Arts & Life, Events, Film & Television

Catalina Film Festival wows in Downtown Long Beach

The Catalina Film Festival kicked off on Sept. 21 at the Scottish Rite Cultural Center in downtown Long Beach. The setting was eerie, with busts of colonial era women and portraits of prominent Freemasons lining the halls. The Presidential Room where many screenings took place was full of pictures of every U.S. president who was a Freemason, from George Washington to Woodrow Wilson.

Featured guests on the red carpet were Arnold Schwarzenegger’s son Joseph Baena, who was there to promote his new movie “Bully High” along with his castmates. The story revolves around a teenager from Pakistan who is bullied for wearing a hijab.

“She overcomes her enemies with the power of love,” actress Aneesha Madhok said. “This film is really close to my heart. I’m wearing a dress with an inscription in Farsi to honor the message of my film.”

Next on the night’s agenda was “A Malibu Horror Story.” It delivered jump scares, beautiful scenery shots, and the “frat bro” horror movie of your dreams. An adventure into the Malibu Hills ends in disaster as Native spirits reveal themselves to one the boys. A camera crew retracing the missing boy’s steps also gets an intervention from the spirit world. It’s definitely not a movie for the faint of heart.

Filmmaker Tom Goodall was at the festival to support the release of his film “Over Power.”

“This isn’t the film to watch if you have a fear of flying. In fact it may make you never want to fly in a plane again,” he joked. “The entire movie was shot inside the cockpit of a very small plane.”

He also shared, “We filmmakers attend a lot of festivals and the truth is they can be very hit and miss. Catalina was a definite hit. The standard of films, the quality of panels, and the attention towards creating a meaningful event was beyond my expectations.”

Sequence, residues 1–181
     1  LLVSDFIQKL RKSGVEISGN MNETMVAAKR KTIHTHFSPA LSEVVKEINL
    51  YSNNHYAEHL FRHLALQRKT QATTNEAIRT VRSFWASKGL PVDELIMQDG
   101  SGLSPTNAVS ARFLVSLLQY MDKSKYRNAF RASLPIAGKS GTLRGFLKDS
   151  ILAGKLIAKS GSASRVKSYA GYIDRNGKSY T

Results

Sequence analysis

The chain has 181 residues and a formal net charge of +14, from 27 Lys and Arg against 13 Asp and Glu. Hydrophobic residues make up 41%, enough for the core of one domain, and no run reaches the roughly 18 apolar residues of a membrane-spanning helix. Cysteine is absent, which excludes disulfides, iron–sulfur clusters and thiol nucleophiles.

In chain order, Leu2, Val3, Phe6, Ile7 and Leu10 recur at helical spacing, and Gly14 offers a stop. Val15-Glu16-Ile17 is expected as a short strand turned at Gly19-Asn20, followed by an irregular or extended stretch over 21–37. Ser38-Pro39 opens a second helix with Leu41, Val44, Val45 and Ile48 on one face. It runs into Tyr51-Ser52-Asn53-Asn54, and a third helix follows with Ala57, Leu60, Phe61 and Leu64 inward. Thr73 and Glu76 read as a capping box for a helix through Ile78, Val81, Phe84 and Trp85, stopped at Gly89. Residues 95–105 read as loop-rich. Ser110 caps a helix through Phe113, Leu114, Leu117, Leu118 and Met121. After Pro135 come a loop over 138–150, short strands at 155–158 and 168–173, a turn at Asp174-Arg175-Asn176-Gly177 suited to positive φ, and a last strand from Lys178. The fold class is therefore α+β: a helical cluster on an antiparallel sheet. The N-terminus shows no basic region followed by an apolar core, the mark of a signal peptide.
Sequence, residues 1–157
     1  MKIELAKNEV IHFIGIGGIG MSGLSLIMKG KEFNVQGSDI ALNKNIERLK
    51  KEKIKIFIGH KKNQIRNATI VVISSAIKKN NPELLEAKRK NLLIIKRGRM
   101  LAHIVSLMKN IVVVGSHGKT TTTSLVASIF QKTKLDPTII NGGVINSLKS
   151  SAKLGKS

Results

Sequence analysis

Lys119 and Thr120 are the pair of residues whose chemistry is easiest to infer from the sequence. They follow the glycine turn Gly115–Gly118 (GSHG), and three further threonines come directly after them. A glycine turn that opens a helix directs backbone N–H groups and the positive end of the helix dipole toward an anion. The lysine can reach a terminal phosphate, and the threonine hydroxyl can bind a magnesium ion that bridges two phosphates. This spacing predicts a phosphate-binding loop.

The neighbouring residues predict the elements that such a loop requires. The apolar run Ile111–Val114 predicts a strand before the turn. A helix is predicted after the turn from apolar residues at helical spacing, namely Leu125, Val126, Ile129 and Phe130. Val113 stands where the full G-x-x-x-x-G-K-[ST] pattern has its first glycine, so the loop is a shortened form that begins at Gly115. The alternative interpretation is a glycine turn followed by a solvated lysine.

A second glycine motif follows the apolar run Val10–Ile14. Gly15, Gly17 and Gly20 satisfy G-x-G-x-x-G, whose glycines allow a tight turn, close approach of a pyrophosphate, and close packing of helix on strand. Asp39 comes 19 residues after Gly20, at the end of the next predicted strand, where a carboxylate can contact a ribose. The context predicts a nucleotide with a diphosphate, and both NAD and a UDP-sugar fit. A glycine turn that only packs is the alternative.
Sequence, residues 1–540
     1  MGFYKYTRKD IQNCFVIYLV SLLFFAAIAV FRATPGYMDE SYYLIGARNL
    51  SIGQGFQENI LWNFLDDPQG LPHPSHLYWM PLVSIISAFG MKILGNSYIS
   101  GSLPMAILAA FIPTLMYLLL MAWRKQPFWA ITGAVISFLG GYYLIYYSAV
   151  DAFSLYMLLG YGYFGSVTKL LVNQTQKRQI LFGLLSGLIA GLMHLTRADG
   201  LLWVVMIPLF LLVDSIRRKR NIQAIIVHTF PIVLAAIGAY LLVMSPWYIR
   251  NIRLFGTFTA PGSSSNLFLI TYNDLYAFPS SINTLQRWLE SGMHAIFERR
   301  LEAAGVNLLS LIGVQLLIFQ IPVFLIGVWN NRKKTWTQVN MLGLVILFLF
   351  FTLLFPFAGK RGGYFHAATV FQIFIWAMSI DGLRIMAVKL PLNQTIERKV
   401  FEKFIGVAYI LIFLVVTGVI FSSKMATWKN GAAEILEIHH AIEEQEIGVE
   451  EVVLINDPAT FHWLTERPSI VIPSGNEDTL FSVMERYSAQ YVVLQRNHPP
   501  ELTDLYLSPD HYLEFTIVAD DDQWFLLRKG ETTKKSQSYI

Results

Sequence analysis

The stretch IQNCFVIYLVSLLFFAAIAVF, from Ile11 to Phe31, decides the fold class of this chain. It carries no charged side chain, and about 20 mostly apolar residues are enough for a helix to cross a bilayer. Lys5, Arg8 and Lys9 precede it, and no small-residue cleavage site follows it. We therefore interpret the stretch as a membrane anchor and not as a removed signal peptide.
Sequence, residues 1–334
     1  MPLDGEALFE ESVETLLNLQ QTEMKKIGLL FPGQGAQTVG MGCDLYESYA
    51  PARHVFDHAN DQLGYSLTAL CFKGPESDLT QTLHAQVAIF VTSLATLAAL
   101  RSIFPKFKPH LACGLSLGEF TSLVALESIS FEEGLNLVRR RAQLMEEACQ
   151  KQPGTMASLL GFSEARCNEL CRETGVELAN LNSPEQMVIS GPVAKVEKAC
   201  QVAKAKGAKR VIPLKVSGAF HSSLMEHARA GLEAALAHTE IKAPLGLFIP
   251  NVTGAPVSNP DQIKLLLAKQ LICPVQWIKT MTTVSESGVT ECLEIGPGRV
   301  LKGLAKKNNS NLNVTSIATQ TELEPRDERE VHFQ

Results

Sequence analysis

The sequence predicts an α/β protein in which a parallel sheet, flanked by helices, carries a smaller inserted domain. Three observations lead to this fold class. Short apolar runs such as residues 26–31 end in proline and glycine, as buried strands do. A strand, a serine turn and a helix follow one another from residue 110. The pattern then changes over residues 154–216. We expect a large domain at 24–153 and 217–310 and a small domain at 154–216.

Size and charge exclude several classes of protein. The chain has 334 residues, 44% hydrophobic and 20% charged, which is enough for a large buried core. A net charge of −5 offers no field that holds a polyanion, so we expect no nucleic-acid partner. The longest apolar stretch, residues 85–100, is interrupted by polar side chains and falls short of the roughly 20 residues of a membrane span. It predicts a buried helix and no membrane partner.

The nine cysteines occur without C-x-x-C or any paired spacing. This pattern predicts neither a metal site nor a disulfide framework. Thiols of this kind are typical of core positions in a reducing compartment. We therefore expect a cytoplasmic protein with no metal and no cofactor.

Jason Perryman’s documentary entry into the festival featured not Hollywood actors but great white sharks. His film followed some brave conservation activists who free-dive with sharks and even touch their noses and coax great whites into opening their mouths and showing off their teeth.

“I have been obsessed with great white sharks since I was a little kid, and always wanted to capture them on film. I finally delivered on that promise and I’m excited for people to see my work,” Perryman said.

An emotional heart-wrenching favorite of the festival was a documentary style film called “Reckoning With the Primal Wound.” It was about the producer Rebecca Autumn Sansom’s experience as an adopted child as well as the experiences of other adoptees and their birth and adopted parents. “I want this film to resonate with everybody, not only adoptees,” she said.

The festival continued on Catalina Island after two days of fun and panels in Long Beach. Awards are given out on the final night and will be announced on the festival’s website.

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